Neutrophils appear on lab reports as part of a complete blood count (CBC with differential). Neutrophils increase in number in the bloodstream during infection and are in large part responsible for the elevated white blood cell count seen with some infections.
Neutrophils may migrate to sites of infection within a few hours after the entry of microbes and are responsible for the formation of “pus.” Neutrophils mediate the earliest phase of inflammatory reactions, ingest bacteria or fungi, and kill them. They have little role in the defense against viruses.
Monocytes are closely related to neutrophils and are found circulating in the bloodstream. They make up 5-10 percent of the white blood cells. They also line the walls of blood vessels in organs like the liver and spleen. Here they capture microorganisms in the blood as the microorganisms pass by. When monocytes leave the bloodstream and enter the tissues, they change shape and size and become macrophages.
Macrophages are mononuclear, immune cells that arise from the myeloid progenitors of the hematopoietic system. They are involved in the detection, phagocytosis, and destruction of pathogens. Macrophages in different tissues have given special names, for example, microglial cells, kupffer cells, alveolar macrophages, and osteoclasts.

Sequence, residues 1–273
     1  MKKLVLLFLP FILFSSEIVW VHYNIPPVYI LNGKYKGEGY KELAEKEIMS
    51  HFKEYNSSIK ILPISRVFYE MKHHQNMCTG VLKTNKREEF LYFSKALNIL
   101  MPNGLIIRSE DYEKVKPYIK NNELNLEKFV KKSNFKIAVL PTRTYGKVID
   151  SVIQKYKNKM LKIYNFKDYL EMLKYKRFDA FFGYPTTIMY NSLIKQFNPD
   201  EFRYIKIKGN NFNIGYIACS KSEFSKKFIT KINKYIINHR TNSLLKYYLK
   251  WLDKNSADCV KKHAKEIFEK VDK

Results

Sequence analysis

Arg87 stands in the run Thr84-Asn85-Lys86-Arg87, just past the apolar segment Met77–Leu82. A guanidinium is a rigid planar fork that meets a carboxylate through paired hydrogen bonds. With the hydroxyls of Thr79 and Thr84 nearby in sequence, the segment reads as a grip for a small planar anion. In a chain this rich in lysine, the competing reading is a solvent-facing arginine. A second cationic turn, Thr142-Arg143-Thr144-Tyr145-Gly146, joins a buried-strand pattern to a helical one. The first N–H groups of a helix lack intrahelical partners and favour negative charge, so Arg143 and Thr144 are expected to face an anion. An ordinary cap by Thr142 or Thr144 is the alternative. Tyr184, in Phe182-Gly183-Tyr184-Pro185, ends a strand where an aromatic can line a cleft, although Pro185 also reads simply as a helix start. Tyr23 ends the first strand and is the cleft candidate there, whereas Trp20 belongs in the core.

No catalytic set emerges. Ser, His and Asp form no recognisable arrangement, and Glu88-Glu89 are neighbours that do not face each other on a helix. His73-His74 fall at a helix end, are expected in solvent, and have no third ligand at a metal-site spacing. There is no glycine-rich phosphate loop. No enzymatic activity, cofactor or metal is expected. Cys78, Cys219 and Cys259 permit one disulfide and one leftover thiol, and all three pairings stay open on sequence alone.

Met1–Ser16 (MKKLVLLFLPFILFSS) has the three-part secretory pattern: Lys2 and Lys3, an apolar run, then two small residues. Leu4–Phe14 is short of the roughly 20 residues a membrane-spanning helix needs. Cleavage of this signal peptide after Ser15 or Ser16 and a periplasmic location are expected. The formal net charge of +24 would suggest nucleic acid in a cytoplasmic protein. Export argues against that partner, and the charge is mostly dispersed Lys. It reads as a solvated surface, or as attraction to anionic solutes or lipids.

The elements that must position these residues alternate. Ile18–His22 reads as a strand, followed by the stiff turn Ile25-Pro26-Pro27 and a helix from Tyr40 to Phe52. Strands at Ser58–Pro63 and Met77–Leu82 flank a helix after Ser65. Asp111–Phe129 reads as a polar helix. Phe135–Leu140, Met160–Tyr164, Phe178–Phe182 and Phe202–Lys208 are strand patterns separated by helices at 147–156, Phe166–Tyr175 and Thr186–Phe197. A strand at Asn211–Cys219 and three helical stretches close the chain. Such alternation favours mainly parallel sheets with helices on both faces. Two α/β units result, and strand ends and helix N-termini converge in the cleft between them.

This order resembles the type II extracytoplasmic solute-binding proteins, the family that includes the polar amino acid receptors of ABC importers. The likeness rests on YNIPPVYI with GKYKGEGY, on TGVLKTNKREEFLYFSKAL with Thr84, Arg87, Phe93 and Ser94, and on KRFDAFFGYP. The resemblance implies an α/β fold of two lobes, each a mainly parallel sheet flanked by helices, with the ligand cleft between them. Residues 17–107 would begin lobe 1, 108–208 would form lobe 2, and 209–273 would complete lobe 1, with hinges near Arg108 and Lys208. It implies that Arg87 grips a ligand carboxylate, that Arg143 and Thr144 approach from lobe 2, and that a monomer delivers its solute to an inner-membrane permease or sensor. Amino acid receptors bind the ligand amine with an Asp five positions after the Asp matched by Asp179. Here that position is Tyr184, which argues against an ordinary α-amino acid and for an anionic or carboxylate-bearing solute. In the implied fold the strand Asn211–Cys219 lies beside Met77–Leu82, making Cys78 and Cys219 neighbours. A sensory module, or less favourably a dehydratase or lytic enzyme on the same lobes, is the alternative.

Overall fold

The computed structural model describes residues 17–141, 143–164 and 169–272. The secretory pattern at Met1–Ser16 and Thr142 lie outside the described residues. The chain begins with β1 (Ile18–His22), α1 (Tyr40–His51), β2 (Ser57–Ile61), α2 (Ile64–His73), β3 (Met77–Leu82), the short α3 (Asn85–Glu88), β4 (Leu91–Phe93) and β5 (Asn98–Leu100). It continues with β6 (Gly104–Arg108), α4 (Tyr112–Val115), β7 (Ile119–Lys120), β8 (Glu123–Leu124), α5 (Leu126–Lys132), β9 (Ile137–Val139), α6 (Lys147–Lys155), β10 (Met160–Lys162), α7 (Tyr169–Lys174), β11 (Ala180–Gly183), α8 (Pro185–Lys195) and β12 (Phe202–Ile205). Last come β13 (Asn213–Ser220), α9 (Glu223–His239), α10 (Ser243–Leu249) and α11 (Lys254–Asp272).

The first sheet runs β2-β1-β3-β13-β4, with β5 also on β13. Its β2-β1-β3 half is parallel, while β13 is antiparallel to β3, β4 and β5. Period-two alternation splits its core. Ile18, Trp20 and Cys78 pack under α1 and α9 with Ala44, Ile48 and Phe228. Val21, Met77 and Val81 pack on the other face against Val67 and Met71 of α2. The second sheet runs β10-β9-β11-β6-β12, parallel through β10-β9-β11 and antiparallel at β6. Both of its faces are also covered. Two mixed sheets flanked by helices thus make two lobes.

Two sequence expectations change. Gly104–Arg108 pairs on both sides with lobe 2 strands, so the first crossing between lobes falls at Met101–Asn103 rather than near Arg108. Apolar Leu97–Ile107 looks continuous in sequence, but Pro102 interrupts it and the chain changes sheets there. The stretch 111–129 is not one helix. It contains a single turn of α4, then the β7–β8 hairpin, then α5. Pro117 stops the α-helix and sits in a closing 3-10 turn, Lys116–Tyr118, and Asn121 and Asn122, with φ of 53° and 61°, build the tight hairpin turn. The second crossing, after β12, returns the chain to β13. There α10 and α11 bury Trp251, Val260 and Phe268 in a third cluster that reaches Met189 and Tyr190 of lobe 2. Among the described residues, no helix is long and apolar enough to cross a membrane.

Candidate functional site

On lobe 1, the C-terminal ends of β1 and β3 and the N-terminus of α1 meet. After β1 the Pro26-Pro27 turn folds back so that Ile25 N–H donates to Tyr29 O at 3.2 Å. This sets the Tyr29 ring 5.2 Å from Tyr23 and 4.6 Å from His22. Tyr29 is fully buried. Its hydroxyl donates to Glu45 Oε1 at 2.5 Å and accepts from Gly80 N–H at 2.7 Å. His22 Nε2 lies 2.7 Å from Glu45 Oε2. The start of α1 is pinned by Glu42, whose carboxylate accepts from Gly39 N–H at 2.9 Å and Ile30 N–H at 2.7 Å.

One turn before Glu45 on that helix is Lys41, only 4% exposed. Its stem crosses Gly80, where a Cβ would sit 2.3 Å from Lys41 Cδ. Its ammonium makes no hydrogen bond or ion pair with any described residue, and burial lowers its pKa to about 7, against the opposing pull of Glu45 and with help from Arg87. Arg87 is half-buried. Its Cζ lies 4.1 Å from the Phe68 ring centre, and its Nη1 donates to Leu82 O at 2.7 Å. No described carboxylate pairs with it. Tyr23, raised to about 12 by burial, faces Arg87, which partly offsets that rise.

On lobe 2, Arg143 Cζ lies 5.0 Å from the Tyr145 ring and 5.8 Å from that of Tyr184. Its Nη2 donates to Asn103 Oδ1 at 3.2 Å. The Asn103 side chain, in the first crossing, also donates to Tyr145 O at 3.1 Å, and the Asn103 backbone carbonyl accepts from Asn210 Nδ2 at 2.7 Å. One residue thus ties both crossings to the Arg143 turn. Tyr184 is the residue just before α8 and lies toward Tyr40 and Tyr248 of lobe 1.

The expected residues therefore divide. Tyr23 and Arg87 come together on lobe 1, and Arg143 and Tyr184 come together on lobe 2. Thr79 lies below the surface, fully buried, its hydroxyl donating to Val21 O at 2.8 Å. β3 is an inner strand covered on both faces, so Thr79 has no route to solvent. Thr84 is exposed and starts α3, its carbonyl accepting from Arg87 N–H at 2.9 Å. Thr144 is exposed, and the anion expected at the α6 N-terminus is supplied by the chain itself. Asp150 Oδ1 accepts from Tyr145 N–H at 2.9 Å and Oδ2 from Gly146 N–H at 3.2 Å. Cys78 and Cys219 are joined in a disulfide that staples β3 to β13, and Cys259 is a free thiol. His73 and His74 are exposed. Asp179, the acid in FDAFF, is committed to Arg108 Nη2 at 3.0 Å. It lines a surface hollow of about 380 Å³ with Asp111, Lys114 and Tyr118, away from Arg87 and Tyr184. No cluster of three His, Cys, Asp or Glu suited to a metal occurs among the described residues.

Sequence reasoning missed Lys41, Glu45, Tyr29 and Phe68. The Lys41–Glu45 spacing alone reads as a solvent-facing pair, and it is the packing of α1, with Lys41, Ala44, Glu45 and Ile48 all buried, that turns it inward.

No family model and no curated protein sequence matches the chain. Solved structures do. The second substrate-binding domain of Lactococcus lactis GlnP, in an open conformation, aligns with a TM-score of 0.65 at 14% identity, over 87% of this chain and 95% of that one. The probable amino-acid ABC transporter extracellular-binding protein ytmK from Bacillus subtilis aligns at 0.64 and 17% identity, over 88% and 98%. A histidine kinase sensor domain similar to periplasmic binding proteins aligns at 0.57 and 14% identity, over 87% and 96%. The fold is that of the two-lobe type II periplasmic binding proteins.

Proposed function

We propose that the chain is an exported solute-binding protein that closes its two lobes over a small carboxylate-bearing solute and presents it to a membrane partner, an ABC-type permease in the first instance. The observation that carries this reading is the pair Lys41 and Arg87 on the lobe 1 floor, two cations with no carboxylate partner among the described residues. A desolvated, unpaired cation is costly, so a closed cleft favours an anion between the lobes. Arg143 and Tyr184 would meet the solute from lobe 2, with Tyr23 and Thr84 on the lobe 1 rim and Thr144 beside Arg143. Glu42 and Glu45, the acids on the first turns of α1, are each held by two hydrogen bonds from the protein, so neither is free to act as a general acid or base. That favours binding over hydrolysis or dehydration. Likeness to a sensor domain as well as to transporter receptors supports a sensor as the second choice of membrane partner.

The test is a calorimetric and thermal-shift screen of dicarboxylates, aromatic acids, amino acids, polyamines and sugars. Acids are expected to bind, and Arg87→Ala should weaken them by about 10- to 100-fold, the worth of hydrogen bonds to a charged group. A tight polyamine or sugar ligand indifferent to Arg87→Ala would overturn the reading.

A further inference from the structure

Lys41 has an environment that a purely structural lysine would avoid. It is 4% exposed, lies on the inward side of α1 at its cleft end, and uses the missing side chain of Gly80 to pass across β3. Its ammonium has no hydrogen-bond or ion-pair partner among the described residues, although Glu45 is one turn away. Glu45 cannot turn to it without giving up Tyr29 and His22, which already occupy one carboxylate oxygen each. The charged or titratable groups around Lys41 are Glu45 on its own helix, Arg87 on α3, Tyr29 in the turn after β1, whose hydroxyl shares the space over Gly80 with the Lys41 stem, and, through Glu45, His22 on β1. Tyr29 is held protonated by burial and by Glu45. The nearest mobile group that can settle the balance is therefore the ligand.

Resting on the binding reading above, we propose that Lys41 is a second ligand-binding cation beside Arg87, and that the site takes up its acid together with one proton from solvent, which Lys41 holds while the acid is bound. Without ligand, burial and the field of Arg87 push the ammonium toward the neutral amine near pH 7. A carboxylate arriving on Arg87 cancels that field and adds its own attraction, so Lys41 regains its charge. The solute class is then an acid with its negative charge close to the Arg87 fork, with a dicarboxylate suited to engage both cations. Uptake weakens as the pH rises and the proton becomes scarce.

Dendritic cells are the most important antigen-presenting cells (APCs) for activating naïve T cells. They have long membranous projections and phagocytic capabilities. They display microbial antigens to T lymphocytes.
Dendritic cells play major roles in innate responses to infections and in linking innate and adaptive immune responses.
Basophils are blood granulocytes (these granules bind with basic dyes) with many structural and functional similarities to mast cells. They are derived from bone marrow progenitors and constitute less than 1% of blood leukocytes.
Basophils are not present in tissues (normally) but may be recruited in some inflammatory reactions. Basophils express IgG and IgE receptors, bind IgE, and can be triggered by antigen binding to the IgE.
Eosinophils are blood granulocytes that express cytoplasmic granules containing enzymes that are harmful to the cell walls of parasites. Eosinophils are responsible for participating in immediate allergic reactions, modulating inflammatory responses.
The granules of Eosinophils contain basic proteins that bind acidic dyes such as eosin. Eosinophils are normally present in peripheral tissues, especially in mucosal linings of the respiratory, gastrointestinal, and genitourinary tracts.
Lymphoid Progenitor Cell